In India, there are quite a few sectors which are in a nascent stage with respect to innovation, strategic expansion and technological incorporation. In some cases, traditional companies are looking beyond their strongholds while in other instances, new companies are setting their foot on fresh terrains, full of risks and complexities but are goldmines for growth opportunities at the same time. In certain sectors, companies follow the path trodden by their rivals by appointing expat experts and even then, the search process involved is quite tedious and time consuming with far-reaching consequences.

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Specific fields

“Aviation industry, retail industry, oil and gas sector and commercial infrastructure, construction companies are the major sectors looking for expertise in Indian expats to lead their operations. It is their global experience that would come handy,” Raisurana told Budding Managers, underlining the vitality of these specialized sectors in need of expat leadership and wisdom.

The Indian aviation sector is a classic example for expat case study. Jet Airways, the second largest airline in India both in terms of market share and passengers carried, replaced Garry Kenneth Toomey with Australian Cramer Ball as CEO with the security clearance from government and regulatory approvals coming in the way of the new appointee in September 2014. Ball, who was instrumental in turning around the fortunes of Air Seychelles, has worked in several global airline carriers including Etihad Airways, Ansett Australia, Gulf Air, Kendell Airline and Qantas. Ball, who oversaw the restructuring programme at Air Seychelles, has a tougher job at his hand with the fledgling fortunes of Jet Airways, which started its commercial operations way back in 1993, against the backdrop of an already ailing sector in India. In the latest development of the management tale, the newest entrant in Indian aviation sector -- Vistara, a joint venture between Tata Sons and Singapore Airlines and beginning its operations early this year -- has found its CEO in Phee Teik Yeoh, the former executive of Singapore Airlines. The onerous challenge before Yeoh is to carve out a niche space for a full-service carrier like Vistara in a country marked as the hub of low-carrier flights and often witnessing their dogfight for survival. The expat CEOs come handy in the aviation sector particularly with their expertise in the finance and strategic planning areas. Effective support from promoters is the need of the hour for the expat CEOs to script a success story.

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India in demand

Top expat executives have shown genuine interest and seek job opportunities in the world’s largest democracy, looking forward to embrace several challenges including leading the company in a new direction and that too at a vibrant stage where the scope of growth is quite wide. At least in certain cases, they try to give a global hue to the entire process in companies which thus far have rooted their operations and style of work to the native soil. Also, the growth in the economy has made India a lucrative learning ground for global managers and a valuable bullet under the experience column in their resume.

As per a survey of chief executives and expatriates conducted by the Indian arm of global executive search firm Amrop, the rise in demand for overseas talent has risen due to the rise of so-called sunrise industries such as organized retail and mergers and acquisitions besides the global expansion plans of Indian companies, searching for that vital competitive edge attained through fresh expertise and a new, inspiring leadership culture. Industry analysts are of the opinion that nationality is not a factor while choosing an expat leader as the priority is given for specific work-oriented skills.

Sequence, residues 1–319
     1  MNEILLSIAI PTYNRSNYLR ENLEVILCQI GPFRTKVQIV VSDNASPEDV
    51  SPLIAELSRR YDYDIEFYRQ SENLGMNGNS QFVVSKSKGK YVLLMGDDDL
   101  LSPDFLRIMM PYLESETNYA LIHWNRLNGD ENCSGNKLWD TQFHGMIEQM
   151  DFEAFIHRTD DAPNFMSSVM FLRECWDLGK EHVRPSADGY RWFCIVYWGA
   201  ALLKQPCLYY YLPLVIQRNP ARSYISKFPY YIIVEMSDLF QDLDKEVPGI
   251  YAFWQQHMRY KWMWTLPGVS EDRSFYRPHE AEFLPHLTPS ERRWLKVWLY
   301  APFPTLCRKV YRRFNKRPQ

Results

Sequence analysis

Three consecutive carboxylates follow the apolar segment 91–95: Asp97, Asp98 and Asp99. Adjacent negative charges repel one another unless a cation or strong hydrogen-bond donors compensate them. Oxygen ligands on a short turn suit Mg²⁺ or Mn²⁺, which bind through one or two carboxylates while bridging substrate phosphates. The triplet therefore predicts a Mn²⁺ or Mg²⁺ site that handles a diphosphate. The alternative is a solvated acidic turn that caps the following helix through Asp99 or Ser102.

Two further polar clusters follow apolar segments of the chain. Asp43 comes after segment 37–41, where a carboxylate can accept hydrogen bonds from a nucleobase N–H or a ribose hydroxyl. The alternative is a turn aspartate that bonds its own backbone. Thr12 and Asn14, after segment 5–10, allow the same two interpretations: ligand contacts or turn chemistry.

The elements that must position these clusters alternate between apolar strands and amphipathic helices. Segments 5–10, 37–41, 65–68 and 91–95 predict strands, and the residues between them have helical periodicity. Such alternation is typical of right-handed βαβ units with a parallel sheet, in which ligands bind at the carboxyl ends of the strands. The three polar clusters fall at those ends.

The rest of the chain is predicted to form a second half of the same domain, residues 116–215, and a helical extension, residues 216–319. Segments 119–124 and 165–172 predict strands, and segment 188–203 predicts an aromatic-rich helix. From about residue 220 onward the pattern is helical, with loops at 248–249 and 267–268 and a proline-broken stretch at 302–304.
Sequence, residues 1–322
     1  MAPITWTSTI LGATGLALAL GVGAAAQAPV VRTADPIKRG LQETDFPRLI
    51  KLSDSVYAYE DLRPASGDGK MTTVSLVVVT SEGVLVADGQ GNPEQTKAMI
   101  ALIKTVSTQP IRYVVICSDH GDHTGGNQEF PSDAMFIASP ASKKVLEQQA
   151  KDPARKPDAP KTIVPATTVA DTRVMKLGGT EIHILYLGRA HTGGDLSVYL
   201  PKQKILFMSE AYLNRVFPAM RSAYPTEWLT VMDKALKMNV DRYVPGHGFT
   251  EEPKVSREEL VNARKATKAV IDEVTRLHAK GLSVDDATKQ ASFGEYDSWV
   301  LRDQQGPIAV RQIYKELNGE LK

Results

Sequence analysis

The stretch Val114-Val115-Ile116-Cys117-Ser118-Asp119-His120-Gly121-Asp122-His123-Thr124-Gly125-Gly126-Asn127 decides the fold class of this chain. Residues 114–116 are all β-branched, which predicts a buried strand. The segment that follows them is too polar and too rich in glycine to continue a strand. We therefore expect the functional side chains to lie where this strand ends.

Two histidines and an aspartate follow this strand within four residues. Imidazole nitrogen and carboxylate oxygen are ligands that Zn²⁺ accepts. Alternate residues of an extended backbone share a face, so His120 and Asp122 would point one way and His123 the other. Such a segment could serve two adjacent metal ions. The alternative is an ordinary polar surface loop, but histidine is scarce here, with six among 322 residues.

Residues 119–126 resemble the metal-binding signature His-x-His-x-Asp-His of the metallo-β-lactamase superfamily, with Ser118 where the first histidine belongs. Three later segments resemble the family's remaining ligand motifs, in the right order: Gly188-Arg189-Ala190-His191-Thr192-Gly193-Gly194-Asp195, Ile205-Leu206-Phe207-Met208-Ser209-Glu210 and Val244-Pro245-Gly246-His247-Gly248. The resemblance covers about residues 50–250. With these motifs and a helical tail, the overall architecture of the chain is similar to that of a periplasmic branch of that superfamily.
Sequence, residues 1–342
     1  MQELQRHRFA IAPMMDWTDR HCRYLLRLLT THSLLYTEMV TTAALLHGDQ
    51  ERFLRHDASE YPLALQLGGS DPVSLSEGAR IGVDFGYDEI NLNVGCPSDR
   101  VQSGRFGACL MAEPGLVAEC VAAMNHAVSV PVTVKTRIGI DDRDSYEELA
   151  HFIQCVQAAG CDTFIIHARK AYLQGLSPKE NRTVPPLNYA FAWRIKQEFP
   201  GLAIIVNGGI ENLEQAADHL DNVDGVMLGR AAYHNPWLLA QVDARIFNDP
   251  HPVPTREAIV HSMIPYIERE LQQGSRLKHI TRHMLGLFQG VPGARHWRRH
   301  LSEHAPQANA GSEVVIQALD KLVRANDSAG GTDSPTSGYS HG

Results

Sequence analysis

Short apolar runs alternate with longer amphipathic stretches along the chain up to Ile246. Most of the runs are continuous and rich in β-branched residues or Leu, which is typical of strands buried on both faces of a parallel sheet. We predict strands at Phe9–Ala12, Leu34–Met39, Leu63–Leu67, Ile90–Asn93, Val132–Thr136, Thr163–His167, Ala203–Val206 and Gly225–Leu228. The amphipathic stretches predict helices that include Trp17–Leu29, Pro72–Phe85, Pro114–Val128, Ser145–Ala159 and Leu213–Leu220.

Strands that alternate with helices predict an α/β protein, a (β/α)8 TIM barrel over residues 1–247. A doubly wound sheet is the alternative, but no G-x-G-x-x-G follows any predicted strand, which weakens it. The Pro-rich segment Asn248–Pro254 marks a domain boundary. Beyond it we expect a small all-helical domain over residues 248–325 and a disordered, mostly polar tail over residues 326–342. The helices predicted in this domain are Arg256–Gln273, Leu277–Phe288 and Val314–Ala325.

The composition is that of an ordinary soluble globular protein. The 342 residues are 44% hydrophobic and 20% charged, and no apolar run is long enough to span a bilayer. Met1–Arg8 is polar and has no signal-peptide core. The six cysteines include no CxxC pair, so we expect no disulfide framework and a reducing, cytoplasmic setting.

For any India-based company with multinational ambitions for expansion, it is ideal to nurture as second string of Indian executives who would be ready to take over the leadership mantle in the next three to five years. Hence, able guidance for the junior level of executives is also an important quality companies look for in their expat CEOs. The transition is crucial when the Indian companies believe they had had enough experience in the area and then turn their attention to better bottom line and higher cost efficiency. In late 2013, Aditya Birla Retail Ltd, a part of the Aditya Birla Group, announced the exit of Russell Berman as the CEO of its hypermarket business at the end of his seven-year contract and replaced him with Vishak Kumar, the then head of the supermarket business who joined as a management trainee in 1995.

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The company also assigned Kumar the twin roles to head both the formats. Retail analysts then had opined that the under-pressure retail environment forced the company to streamline the operations, pushing an Indian to the helm of the affairs.

Insurance fi rms too eye expats regularly for top management positions in finance and actuarial services, as the local talent pool falls short of the requirements in a sector in India which is just a fraction of what it is in a major market like the United States.

Obvious challenges

There is the obvious flipside for the expat CEOs handling affairs in Indian companies. When Sikka says the biggest challenge facing Infosys in 2015 “will be bringing a cultural shift” and insists on the “need to change mindset, focus on innovation”, the new CEO knows exactly what he is talking about, things he would have expected before taking charge.

Right from the typical hierarchical modes of behavior including the refusal to call your boss by his first name to being excessive emotional while reacting to constructive criticism, the Indian job culture may come under a big shake-up under an expat CEO. The lack of punctuality can be a regular headache for the CEO and equally challenging is how to cope with these drawbacks without being a dictator at work.

Some expat CEOs point out that the Indian staff lack the understanding of work-life balance. A classic example for this is to send a mail to your colleague at the day-job work right in the middle of the night.

“It is a tough job to change the mindset of the people working with the organization and it is easier said than done. It is really challenging for a CEO or any top-level management personnel to effect this change of thought right through the organization,” opines Raisurana.

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Without doubt, the role of an expat CEO in India is a give-and-take one. As an expert, you provide your valuable inputs to steer the ship forward and in return, keeping aside the perk and status, you acquire that immense experience of working in one of the melting pots among emerging markets across the world. It is a win-win situation for sure.


BUDDING MANAGERS

FEBRUARY 2015 ISSUE


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Author:  admin
Posted On:  Friday, 27 February, 2015 - 16:54